5 Black Female Executives Share How They Got Into C-Suite Positions

carla harris

What good is making your way to the top if you can’t open up the doors for others? Far too often women, specifically Black women, are pitted against one another with success dangling as an incentive, but there’s so much that happens when women build an empire while helping others up along the way.

Paying it forward just may be how certain women of power have managed to reach the heights of success or the hustle and grind of working to get to the top could be another reason that women go so hard to help uplift one another. Whatever the case, it’s important to not only highlight those achieving the pinnacles of their wildest dreams, but to also champion them for creating opportunities at the same time.

These boss babes have managed to secure the bag as executives, but the advice and ways that they inspire other women is just as applaudable.

Valeisha Butterfield-Jones

Becoming the co-president of The Recording Academy is no easy feat, but like much of Butterfield Jones’ career, the challenge was accepted. As a global business leader, this boss lady made history in 2020 when she became the organization’s first-ever chief diversity and inclusion officer. She is also the former global head of inclusion for Google, Inc. where she manages to not only take diversity, equity and inclusion to the next level, but also serve as a voice for the underrepresented communities both internally and externally across the brand.

valeisha butterfield

Image source: Black Enterprise

Beyond the C-Suite, Butterfield Jones is also quite the philanthropist. She helped to co-found the Women In Entertainment Empowerment Network back in 2007. The nonprofit global coalition served as a stepping stone for budding women looking to land positions within the industry. Additionally, she created Mast(HER)ed, a webinar series committed to helping aspiring industry leaders to not only connect, but to inspire one another along the way.

Words of advice: “Sometimes we forget that leadership can be lonely,” she recently told ESSENCE. “When you pick up the phone to motivate, support or have the back of another Black woman, you’d be surprised how many of us need it.”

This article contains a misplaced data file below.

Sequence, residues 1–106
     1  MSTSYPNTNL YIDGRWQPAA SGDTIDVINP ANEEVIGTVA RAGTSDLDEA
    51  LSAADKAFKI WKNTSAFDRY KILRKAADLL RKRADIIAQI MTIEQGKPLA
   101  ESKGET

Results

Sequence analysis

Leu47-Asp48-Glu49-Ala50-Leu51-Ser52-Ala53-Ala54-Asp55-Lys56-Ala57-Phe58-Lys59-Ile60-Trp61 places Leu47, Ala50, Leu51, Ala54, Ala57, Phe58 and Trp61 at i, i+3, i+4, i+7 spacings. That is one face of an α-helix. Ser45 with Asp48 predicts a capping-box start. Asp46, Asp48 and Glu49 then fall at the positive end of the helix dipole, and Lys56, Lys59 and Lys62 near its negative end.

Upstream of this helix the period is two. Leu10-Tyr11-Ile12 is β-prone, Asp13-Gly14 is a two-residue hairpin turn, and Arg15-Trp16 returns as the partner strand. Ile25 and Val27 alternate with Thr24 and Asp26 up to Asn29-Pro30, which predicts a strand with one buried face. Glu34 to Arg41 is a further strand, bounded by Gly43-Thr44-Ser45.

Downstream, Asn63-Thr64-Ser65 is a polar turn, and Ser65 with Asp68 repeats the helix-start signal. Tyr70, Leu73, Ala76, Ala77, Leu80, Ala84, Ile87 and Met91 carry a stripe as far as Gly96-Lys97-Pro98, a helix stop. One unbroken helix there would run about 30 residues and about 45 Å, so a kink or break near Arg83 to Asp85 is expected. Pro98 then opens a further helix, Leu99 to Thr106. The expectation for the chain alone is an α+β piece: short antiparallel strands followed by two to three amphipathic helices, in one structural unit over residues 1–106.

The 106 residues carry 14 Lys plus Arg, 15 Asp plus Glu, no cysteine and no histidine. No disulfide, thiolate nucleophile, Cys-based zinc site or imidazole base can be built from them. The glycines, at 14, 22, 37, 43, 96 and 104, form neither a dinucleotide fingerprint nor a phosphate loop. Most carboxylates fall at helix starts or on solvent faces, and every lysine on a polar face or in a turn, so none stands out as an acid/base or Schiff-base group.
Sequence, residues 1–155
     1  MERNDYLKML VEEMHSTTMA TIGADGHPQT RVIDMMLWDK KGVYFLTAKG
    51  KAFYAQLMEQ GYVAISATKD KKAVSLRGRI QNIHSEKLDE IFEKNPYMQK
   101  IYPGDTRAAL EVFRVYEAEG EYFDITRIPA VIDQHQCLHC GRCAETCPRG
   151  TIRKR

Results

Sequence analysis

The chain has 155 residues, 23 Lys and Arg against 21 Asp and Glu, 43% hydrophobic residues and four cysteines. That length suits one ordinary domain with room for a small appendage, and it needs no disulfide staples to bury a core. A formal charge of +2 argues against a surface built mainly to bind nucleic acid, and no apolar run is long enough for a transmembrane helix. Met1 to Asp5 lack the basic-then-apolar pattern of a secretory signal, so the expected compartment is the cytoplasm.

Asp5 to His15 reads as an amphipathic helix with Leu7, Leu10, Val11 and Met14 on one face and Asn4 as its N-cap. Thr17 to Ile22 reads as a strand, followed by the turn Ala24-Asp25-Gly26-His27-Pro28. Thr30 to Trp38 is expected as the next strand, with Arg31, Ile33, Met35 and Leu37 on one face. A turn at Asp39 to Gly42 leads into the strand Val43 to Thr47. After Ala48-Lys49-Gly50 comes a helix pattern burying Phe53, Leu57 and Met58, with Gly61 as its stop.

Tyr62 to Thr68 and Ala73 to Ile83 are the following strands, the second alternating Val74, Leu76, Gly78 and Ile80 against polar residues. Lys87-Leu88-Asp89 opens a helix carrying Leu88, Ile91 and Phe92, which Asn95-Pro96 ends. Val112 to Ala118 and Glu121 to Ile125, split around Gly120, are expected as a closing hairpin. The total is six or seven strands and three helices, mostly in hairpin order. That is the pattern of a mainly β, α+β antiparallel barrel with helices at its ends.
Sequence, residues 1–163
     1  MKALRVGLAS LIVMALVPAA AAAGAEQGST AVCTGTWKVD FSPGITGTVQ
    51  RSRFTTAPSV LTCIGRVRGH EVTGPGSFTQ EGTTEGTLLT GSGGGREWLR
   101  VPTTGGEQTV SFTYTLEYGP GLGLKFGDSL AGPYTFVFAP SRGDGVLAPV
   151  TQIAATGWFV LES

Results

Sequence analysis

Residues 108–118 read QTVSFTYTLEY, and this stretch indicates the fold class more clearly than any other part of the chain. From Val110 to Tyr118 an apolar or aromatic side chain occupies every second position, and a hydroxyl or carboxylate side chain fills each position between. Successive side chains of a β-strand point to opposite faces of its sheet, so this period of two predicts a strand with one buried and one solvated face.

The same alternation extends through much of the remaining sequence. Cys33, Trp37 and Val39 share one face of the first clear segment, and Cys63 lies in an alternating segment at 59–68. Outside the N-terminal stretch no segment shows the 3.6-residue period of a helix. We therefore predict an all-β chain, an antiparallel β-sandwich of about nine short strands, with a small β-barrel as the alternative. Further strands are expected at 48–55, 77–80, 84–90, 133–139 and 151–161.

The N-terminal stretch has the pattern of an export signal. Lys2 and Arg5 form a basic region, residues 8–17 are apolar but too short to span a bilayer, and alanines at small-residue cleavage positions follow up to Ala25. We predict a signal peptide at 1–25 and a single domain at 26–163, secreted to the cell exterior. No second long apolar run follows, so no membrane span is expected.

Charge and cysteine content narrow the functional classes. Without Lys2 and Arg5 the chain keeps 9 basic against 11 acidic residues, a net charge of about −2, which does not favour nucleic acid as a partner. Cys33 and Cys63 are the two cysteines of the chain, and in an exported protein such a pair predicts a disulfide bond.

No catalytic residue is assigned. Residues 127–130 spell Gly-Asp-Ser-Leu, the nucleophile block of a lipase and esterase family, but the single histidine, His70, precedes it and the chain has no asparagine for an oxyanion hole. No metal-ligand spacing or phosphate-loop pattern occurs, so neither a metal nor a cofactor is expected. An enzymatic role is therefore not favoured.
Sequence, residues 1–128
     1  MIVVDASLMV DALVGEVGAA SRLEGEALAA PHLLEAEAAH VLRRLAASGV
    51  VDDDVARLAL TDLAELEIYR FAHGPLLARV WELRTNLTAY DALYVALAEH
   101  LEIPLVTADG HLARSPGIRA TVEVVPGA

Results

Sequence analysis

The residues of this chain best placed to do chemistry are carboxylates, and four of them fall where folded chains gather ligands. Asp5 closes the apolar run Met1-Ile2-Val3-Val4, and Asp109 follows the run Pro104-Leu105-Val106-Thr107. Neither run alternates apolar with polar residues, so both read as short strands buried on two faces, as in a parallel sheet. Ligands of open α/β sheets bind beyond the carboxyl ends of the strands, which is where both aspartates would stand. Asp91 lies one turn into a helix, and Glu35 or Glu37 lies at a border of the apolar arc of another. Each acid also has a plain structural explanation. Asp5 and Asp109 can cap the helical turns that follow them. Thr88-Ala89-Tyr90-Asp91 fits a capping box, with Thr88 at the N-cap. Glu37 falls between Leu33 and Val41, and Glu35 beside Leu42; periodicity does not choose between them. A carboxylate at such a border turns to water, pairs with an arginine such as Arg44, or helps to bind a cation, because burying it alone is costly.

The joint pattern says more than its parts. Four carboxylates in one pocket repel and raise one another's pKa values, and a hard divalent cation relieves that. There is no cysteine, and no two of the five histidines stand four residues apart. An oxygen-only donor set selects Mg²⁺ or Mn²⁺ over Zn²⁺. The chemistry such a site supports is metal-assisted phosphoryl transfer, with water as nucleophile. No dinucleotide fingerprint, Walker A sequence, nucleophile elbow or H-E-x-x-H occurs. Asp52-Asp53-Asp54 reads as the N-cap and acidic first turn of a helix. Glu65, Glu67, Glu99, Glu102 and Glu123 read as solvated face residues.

Alissa J. Abdullah, PhD

Known as her colleagues as Dr. Jay, this boss serves as the Senior Vice President and Deputy Chief Security Officer of Operations and Technology at Mastercard. Throughout her time at the company, she has helped to protect Mastercard’s information assets while also driving the future of security at the financial services.

dr jay

Image source: Cyber Security Ventures

As the former deputy chief information officer of the White House, she understands the importance of securing data at the highest level. She is proof that the knowledge of Black women almost always serves as the backbone to our nation.

Words of Advice: “Just do it!” Dr Jay told CyberCrime Magazine in 2020. “There are so many different opportunities that it is quite simple to find your passion in a cybersecurity theme. Take the time to be real about who you are and what you enjoy, and then look and see how that marries with cybersecurity opportunities.  There is an opportunity for EVERYONE.”

Dazayah Walker

At just 24, Walker manages the investment portfolio for one of the hottest music labels in the game. She managed to use an internship at Quality Control to take her career to an all-new level, and Walker has done it her own way taking the nontraditional route to becoming a venture capitalist and not taking no for an answer.

dazayah walker

Image source: People Of Color In Tech

Along with her leadership as the Investment Portfolio Manager and Operations Manager for the label responsible for acts like City Girls, Lil Baby, and Migos, Walker uses her platform to share her journey, providing tips for budding executives who aim to bridge the gap between the culture and technology.

Words of Advice: “It’s all in the approach! Whenever you are presenting yourself, whether you’re an artist or someone inquiring about prices with a stylist, manners never go out of style,” wrote Walker via Dumpor. “Take the time to make a proper introduction.”

Carla Harris

As one of the top Black women breaking barriers in the finance industry, Harris served as the Vice-Chair at Morgan Stanley, a global investment bank providing investment banking, investment management services, securities, and wealth management. Harris managed to rise to the top as a Black woman in Wall Street and played a pivotal role in the company’s wealth management sector.

Carla Harris

Image source: Forbes

Harris is now a senior client adviser to the firm and also serves as a managing director. Her journey will inspire other young women to know the value of what they’re bringing to the table when it comes to competing with America’s “old boys club.”

Words of Advice: Harris once said that success on Wall Street is all about “finding allies,” in an interview with Bloomberg.

Bari Williams

Williams is the Chief Operating of data and analytics tech company Bandwagon Fan Club, Inc. which focuses on the sports and entertainment space. She also leads the charge as diversity, inclusion, and corporate social responsibility consultant and considers herself to be a diversity activist.

bari williams

Image source: Bari Williams 

As a published writer in the New York Times, Wired, Fortune, and Fast Company, Williams shares her journey to finding her footing among the male-dominant tech industry by being strategic with the opportunities that came her way. Williams has fought many battles to open the doors for other young women in the technology space.

Words of advice: “Diversity gets people in the door; inclusion keeps them there,” wrote Williams on her website.

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